2018 Toyota Prius c Review
The practical, economical compact hatchback is a staple of Toyota's lineup — just ask anyone who grew up in the back seat of a Tercel. This latest iteration of the formula, first launched in 2012, might not be as cheap as a Tercel, but it's still one of the most affordable ways to get into a hybrid.
While the Prius C lacks Toyota's latest hybrid powertrain technology (it's used in the newest version of the regular Prius), the C is still reliably frugal and should surpass its EPA-estimated 46 mpg combined in real-world driving. It's also a maneuverable little car that's a breeze to park, making it an ideal city runabout for people who prize efficiency. You can also factor in Toyota's reputation for reliability and low running costs as advantages.
Of course it's still an entry-level vehicle. In spite of the recently updated infotainment system and additional safety features, the Prius C is a pretty basic car. The interior is full of hard plastics and doesn't offer much in the way of sound insulation. The ride quality is often harsh. And with just 99 horsepower on tap, the Prius C is one of the slower cars on the road. But overall we think the Prius C's advantages outweigh the compromises.
trim levels & features
Every trim comes standard with a limited version of Toyota's Safety Sense. In the Prius C, this system includes forward collision alert with automatic braking, lane departure warning and automatic high beams.
Beyond this safety equipment, the Prius C One comes with 15-inch alloy wheels, a rearview camera, LED headlights and taillights, power mirrors, keyless entry, automatic climate control, cloth seats with a folding rear bench, and a tilting-and-telescoping adjustable steering wheel. Entertainment duties are handles by a 6.1-inch touchscreen system with voice commands, Bluetooth, a USB port and a four-speaker stereo. Frontal collision warning with automatic emergency braking and lane departure warning are also included.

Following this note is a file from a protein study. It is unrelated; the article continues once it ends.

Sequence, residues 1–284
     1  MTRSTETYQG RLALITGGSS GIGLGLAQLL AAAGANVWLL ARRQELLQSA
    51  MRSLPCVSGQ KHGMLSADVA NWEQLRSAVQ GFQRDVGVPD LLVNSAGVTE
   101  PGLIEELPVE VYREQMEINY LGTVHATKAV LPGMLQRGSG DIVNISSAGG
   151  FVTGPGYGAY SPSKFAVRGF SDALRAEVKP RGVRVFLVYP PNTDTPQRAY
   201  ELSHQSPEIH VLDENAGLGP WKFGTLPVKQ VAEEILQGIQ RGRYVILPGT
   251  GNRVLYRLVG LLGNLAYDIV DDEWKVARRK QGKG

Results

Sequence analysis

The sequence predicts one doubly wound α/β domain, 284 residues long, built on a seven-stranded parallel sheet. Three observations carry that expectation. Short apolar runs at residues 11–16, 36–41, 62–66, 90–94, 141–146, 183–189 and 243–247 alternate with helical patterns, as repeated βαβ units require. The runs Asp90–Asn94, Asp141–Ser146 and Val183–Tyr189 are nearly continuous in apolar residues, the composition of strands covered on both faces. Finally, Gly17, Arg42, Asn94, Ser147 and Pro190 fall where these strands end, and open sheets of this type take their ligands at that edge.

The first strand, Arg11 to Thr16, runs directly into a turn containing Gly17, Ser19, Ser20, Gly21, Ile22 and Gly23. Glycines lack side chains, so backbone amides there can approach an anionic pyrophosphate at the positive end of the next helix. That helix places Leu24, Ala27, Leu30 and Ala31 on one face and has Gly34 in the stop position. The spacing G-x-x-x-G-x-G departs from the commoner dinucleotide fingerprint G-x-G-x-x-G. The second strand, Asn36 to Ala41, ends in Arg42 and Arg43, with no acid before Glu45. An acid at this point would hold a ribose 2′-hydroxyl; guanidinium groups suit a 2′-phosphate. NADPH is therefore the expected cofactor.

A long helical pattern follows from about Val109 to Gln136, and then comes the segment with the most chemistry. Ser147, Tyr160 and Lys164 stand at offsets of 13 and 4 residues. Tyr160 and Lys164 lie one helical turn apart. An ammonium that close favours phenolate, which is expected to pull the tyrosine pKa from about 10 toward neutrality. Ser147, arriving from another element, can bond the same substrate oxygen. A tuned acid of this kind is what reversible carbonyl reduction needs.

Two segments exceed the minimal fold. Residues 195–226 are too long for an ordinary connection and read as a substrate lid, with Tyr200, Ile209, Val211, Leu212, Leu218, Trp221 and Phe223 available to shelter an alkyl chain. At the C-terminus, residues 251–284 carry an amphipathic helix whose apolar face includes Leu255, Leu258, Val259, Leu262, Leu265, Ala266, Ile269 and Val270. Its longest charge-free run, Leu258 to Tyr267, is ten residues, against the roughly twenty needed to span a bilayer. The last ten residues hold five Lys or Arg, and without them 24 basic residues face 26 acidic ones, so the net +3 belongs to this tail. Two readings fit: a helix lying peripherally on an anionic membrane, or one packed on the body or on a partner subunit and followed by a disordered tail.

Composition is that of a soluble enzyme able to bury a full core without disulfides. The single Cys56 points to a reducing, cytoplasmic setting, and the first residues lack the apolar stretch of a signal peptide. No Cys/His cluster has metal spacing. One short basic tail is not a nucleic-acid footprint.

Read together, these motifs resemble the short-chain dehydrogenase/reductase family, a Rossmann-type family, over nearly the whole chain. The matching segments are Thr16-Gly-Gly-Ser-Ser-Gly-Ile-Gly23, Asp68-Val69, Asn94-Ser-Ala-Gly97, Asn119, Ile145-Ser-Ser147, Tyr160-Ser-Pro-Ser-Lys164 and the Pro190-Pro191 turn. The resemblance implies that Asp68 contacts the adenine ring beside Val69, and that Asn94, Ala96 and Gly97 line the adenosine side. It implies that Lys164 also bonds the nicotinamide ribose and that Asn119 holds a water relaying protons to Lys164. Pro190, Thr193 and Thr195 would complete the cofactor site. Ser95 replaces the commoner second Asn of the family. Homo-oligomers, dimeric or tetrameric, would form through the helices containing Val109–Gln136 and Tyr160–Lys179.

The Prius C Two upgrades the rear seats to a 60/40-split folding bench and adds two-tone fabric upholstery, a center armrest with a storage compartment, a height-adjustable driver seat, cruise control and two additional speakers for the stereo.
With the Three, buyers get proximity entry with push-button start and an upgraded infotainment system. The Three retains the 6.1-inch screen, but adds navigation, satellite radio and Toyota's Entune app suite. A sunroof is available as an optional extra.
The range-topping Prius C Four adds LED foglights, heated power mirrors, the sunroof and simulated leather upholstery. Sixteen-inch alloy wheels are also available.
Each vehicle typically comes in multiple versions, although trim levels share many aspects. The ratings in this review are based on our full test of the 2012 Toyota Prius C Three (1.5L inline-4 hybrid | CVT automatic | FWD). This rating has been carried forward from a prior year because the current model has no substantial differences.
NOTE: Since this test was conducted, the current Toyota Prius C has received some revisions, including upgraded infotainment and active safety technology, and a cosmetic refresh. Our findings remain broadly applicable to this year's Toyota Prius C, however.
Noise & vibration
Ease of use
Getting in/getting out
Audio & navigation
edmunds expert review process
This review was written by a member of Edmunds' editorial team of expert car reviewers. Our team drives every car you can buy. We put the vehicles through rigorous testing, evaluating how they drive and comparing them in detail to their competitors.
We're also regular people like you, so we pay attention to all the different ways people use their cars every day. We want to know if there's enough room for our families and our weekend gear and whether or not our favorite drink fits in the cupholder. Our editors want to help you make the best decision on a car that fits your life.